You can look at how the PCIe slot views the card, which might offer clues. If you run “lspci” without options you’ll see a vendor and product in a bit of a cryptic format. A typical line from lspci would look like:
<b>05:00.0</b> VGA compatible controller: NVIDIA Corporation...
You can specify that exact device in this example via:
lspci -s ‘05:00.0’
Once you have that, you can tell it to be very verbose, and save a copy to file. Paste that information to a reply in this forum thread and we’ll be able to see what PCIe thinks of the device. A very verbose version of the above command and logging to a file:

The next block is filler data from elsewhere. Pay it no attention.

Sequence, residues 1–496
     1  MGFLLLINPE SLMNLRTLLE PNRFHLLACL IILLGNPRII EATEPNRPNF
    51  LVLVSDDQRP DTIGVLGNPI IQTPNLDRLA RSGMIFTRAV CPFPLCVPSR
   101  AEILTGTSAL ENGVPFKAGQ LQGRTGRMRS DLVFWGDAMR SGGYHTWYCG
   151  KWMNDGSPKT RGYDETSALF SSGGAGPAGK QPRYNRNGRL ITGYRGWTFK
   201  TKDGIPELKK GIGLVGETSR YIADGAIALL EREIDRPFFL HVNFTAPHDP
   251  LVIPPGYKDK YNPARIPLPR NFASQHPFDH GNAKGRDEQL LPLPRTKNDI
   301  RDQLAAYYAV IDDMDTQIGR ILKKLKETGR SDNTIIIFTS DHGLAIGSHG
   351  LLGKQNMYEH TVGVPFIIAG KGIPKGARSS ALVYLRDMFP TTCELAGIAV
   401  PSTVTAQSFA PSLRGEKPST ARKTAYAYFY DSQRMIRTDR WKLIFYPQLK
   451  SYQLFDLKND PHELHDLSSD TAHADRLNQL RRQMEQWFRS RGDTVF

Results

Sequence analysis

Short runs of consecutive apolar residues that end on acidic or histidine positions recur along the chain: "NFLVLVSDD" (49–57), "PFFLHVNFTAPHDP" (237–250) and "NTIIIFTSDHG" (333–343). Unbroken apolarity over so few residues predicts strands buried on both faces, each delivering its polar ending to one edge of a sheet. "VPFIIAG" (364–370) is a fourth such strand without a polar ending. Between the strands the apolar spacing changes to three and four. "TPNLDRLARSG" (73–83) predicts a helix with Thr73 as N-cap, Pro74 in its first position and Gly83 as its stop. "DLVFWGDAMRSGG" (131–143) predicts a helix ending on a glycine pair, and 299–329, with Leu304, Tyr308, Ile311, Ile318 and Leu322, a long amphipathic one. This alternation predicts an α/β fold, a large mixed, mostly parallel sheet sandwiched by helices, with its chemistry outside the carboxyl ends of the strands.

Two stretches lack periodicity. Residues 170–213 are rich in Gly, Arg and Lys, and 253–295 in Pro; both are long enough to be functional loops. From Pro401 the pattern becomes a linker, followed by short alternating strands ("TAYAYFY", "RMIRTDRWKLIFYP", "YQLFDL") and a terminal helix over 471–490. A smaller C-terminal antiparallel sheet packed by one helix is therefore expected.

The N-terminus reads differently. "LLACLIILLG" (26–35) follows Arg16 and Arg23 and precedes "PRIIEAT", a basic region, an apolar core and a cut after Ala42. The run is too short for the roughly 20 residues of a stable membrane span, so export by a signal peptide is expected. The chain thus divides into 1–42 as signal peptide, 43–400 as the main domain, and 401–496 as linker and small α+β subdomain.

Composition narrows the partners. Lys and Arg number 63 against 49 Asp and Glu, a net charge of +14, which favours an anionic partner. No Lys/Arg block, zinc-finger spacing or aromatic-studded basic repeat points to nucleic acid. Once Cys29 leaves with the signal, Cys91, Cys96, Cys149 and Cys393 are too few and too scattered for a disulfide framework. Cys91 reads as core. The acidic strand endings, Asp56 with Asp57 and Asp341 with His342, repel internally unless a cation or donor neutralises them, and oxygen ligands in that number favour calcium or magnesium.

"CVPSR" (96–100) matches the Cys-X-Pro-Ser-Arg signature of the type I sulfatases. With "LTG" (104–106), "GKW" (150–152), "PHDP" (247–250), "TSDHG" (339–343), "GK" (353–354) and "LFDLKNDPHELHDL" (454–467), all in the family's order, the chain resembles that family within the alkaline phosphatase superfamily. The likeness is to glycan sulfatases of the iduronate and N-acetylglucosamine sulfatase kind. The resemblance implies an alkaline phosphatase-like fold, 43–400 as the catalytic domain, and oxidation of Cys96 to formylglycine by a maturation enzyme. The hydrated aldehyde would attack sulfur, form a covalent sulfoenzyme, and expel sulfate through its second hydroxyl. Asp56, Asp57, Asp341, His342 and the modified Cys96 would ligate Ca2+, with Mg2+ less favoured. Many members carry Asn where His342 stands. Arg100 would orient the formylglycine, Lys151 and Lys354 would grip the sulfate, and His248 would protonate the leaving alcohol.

lspci -s '05:00.0' <b>-vvv | tee log.txt</b>
You can also query the PCIe system for what driver it handed the device off to:
lspci -s '05:00.0' <b>-k</b>
NOTE: With wireless often the change of a newer kernel driver will also require a change in firmware.